January 20, 2023

Today's Topics

Hello! Instagram is rolling out a Quiet Mode, meaning your notifications will become slightly less overwhelming. We are working on a tech solution to do the exact opposite, with loud alerts to accompany each chart. Let us know if you can help us. Today we’re exploring:

  • New year, new Wiki: The internet's font of knowledge has a new look.
  • Attractive economics: Dating apps make great business models.
  • Raise the roof: The federal government has hit its debt ceiling... again.
Not yet a subscriber? Sign up free below.

New year, new Wiki

Wikipedia — one of the world’s most visited websites — just got its first makeover in more than a decade.

There’s a new search tool, an easier way to switch languages, a more dynamic table of contents section and a lot more white space, which one of our writers described as looking like a Google Doc — but even these relatively-subtle updates have managed to ignite anger in some corners of the internet.

The hit factory

Founded in 2001, Wikipedia has become an integral part of the internet thanks to the tireless efforts of unpaid Wikipedians who contribute millions of entries and edits across the 329 language editions of the site.

Wikipedia’s English-language version racks up more than 10 billion pageviews a month. For context, the largest news sites in the world usually get somewhere between100-500 million hits a month. In fact, the websites for 4 of America’s biggest news titans, The NYTimes, CNN, MSN & Fox News, only got 1.6 billion hits in December, less than one-fifth of what English-language Wiki managed.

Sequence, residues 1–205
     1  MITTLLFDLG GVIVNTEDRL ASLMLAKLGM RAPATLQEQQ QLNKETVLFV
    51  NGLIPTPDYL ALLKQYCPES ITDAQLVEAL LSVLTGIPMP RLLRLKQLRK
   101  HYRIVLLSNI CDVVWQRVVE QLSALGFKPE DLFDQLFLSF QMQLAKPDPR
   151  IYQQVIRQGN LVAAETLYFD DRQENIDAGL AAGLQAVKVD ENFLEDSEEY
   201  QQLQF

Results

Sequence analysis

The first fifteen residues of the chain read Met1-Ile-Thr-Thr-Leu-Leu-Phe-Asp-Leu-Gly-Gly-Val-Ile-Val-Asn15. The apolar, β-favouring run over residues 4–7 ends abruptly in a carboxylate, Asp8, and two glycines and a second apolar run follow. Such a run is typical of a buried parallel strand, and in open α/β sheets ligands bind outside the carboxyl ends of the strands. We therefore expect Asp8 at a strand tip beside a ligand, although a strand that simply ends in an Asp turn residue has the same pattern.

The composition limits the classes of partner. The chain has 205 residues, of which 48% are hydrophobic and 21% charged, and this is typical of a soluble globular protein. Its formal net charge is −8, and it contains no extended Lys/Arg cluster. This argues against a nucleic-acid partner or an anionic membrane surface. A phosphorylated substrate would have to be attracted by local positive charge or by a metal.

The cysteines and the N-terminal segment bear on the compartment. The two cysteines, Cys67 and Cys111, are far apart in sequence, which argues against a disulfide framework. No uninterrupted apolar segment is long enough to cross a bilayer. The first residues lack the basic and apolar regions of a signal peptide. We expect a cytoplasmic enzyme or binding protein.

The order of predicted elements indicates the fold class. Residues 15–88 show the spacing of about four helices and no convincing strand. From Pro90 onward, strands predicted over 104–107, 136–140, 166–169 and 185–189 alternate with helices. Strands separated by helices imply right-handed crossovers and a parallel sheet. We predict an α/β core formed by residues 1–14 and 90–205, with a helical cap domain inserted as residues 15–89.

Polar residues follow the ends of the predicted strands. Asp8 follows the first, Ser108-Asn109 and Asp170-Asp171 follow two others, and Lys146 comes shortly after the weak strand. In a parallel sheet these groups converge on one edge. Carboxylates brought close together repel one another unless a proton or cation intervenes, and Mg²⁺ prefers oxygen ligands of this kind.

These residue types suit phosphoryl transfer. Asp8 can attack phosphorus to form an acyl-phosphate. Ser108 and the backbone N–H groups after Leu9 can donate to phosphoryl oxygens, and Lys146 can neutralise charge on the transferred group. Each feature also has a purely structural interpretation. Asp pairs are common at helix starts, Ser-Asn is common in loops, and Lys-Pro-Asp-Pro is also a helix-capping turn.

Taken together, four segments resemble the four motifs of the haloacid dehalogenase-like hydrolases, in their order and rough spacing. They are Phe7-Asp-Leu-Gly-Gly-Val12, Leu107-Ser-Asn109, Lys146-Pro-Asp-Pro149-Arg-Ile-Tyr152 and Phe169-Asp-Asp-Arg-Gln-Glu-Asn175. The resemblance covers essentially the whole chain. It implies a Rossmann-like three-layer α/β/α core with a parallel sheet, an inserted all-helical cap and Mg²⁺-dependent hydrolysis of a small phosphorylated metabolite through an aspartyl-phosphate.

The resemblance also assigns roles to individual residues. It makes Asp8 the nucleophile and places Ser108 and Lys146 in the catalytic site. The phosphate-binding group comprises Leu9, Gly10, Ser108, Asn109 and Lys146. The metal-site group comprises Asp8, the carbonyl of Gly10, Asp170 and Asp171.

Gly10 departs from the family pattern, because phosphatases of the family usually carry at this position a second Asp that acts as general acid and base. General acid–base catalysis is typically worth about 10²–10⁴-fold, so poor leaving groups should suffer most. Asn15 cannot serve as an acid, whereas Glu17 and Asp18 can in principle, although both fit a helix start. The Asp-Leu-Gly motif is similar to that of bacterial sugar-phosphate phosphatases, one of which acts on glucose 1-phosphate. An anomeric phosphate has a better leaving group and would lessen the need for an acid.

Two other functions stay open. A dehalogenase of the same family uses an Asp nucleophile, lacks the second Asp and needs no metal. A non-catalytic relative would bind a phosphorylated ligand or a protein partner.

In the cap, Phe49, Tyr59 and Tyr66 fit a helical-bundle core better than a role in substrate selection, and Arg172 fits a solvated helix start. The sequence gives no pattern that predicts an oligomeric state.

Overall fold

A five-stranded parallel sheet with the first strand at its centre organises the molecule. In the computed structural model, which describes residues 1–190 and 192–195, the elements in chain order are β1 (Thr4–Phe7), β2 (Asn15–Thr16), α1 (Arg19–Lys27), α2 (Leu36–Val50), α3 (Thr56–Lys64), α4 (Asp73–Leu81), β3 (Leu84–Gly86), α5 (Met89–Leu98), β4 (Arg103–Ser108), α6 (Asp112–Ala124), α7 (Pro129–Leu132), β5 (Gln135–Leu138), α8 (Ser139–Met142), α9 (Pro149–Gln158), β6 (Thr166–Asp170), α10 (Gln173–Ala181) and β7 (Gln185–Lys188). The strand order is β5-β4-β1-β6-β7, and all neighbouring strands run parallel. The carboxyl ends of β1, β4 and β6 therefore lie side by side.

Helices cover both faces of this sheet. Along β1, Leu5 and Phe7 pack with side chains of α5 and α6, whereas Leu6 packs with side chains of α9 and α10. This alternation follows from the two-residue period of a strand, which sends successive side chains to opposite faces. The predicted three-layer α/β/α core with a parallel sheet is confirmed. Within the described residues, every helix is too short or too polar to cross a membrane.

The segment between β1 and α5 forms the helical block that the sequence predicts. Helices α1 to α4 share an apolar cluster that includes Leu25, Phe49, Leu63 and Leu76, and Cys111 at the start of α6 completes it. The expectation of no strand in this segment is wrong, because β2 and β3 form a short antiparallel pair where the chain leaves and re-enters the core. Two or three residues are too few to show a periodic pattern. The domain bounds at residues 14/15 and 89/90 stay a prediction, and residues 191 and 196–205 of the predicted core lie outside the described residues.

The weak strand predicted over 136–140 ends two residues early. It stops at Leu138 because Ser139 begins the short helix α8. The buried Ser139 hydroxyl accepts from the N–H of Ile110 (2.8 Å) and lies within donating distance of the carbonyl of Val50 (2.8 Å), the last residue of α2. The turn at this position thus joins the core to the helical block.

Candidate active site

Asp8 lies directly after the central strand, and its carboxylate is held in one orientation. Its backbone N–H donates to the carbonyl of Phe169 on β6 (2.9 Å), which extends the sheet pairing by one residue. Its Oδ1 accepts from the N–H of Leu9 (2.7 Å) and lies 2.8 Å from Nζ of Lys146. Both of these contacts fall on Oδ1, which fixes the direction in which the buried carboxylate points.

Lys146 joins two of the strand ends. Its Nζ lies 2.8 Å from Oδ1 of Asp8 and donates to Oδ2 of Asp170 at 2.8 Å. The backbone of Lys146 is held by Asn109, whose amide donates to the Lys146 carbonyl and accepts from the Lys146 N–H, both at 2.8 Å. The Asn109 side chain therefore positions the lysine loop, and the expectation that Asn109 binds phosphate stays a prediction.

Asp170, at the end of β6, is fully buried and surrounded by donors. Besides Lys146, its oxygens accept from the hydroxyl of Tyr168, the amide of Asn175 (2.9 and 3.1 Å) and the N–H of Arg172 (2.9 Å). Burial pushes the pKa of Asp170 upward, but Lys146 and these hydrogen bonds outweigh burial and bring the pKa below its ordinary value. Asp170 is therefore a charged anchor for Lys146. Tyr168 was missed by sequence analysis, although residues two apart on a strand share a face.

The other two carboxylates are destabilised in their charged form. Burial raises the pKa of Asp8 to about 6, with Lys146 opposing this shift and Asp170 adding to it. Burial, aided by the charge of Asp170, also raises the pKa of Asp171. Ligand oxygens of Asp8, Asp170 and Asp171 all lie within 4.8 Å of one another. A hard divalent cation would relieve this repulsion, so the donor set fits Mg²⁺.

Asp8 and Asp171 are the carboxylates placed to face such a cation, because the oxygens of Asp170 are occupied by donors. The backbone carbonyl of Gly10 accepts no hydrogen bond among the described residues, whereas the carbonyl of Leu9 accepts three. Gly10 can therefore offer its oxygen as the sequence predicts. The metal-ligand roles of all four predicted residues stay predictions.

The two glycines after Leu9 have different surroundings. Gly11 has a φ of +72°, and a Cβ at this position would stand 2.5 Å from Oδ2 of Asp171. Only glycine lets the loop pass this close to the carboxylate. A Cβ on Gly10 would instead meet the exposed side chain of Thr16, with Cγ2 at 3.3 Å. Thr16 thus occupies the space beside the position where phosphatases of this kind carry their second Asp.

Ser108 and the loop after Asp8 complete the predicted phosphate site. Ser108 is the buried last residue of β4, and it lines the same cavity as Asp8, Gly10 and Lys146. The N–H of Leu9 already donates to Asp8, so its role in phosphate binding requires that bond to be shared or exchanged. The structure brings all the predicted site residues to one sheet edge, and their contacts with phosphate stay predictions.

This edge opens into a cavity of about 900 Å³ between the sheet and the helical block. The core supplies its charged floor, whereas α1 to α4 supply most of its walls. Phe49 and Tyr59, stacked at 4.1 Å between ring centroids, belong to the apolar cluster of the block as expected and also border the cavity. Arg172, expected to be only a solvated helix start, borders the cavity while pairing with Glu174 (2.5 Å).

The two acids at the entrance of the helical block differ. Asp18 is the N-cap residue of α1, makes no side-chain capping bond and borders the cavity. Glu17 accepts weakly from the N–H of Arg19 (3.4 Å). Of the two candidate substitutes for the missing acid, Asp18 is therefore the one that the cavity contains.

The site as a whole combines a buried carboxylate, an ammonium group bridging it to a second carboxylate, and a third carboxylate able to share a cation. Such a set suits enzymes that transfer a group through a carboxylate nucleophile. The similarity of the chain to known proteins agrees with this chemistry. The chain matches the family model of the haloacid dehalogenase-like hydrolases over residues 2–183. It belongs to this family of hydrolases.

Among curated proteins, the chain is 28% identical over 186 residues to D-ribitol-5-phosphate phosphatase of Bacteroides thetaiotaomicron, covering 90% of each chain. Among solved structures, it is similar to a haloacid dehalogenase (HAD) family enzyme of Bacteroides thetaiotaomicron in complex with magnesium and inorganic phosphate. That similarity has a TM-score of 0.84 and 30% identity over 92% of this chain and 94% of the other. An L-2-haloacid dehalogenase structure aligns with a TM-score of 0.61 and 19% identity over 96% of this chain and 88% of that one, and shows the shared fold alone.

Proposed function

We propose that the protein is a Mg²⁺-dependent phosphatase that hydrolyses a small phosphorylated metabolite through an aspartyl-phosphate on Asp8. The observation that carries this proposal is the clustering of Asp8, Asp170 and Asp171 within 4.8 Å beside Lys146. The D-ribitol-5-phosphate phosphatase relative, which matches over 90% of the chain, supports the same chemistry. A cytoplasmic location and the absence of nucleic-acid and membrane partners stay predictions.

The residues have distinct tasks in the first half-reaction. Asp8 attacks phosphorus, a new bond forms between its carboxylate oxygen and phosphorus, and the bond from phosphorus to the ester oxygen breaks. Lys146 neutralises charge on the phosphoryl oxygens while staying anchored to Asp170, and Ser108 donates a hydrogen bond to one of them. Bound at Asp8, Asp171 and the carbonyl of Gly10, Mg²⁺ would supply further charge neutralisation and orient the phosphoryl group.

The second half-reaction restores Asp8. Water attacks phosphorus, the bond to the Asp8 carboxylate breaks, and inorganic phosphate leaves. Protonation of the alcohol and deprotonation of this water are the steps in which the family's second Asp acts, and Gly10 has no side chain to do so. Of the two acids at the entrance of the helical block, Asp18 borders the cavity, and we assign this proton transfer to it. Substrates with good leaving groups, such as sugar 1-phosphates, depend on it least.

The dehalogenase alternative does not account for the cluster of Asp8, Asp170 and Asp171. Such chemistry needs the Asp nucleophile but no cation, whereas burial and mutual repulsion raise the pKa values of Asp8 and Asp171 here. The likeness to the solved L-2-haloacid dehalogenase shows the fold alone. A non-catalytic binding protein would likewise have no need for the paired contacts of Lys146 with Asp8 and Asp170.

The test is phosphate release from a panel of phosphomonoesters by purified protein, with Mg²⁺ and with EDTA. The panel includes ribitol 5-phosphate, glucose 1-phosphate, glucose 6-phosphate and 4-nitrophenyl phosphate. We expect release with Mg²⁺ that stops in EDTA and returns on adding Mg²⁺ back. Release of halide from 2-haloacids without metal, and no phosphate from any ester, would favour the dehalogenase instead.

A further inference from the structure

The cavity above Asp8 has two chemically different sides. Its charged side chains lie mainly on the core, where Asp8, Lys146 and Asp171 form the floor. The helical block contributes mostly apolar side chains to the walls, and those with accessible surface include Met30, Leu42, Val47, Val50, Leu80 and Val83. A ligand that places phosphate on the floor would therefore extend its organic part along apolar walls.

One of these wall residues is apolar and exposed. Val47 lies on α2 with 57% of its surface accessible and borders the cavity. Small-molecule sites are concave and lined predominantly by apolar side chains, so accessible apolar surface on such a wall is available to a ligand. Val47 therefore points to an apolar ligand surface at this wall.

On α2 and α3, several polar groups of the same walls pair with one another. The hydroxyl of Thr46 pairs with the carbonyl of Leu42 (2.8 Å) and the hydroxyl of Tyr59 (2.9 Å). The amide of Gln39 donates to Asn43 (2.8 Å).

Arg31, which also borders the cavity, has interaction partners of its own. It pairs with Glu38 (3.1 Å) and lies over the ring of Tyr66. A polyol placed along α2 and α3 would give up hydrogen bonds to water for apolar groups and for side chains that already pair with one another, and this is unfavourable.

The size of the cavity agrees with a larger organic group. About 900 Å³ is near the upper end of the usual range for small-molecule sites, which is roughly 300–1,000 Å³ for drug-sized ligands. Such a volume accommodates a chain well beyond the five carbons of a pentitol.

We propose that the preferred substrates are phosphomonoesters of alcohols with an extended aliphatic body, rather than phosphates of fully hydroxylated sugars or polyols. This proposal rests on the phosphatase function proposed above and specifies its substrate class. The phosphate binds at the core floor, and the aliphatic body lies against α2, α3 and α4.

Despite the potential to make billions from advertising, Wikipedia remains a not-for-profit entity. As you’ll likely know from its regular pop-up requests for contributions, the parent organization — the Wikimedia Foundation relies almost solely on reader donations, taking in over $150m from generous Wiki fans last year. The majority of that does get spent, primarily on personnel and infrastructure costs for the foundation itself, although the organization also gave out ~$15m of awards and grants in 2022, which helped to fund community-led projects that further the mission of the foundation.

Highly motivated swipers

Dating giant Match Group is bumping up its most-expensive subscription level on dating app Hinge to $60 a month, or $720 a year. That price-point nearly doubles the current highest membership tier of $35 a month, as the company seeks “highly motivated daters” that are hoping to increase their chances of finding the one.

The motto for popular dating app Hinge, which Match Group classifies as one of its emerging brands, is that it's “designed to be deleted”. Although that might not feel like a sound business model, it's one that's actually remarkably profitable. In its most recent full year, Match Group made nearly $3bn in revenue, eking out a margin of nearly 30% despite high sales & marketing expenses.

With roots tracing back to Match.com in the 1990s, Match Group was officially formed after holding company IAC decided to bundle all of its dating businesses in 2009. Since then, the conglomerate has been on a buying spree, acquiring multiple dating brands, though Tinder remains Match Group's crown jewel. In 2021, Tinder swipers coughed up nearly $1.7bn to the app, outperforming all of the company's other 45+ brands combined, which includes Match.com, Hinge, OkCupid and PlentyOfFish. Surprisingly, unlike so many other online enterprises, just 2% of Match's revenue came from advertising, with the vast majority coming directly from paying users.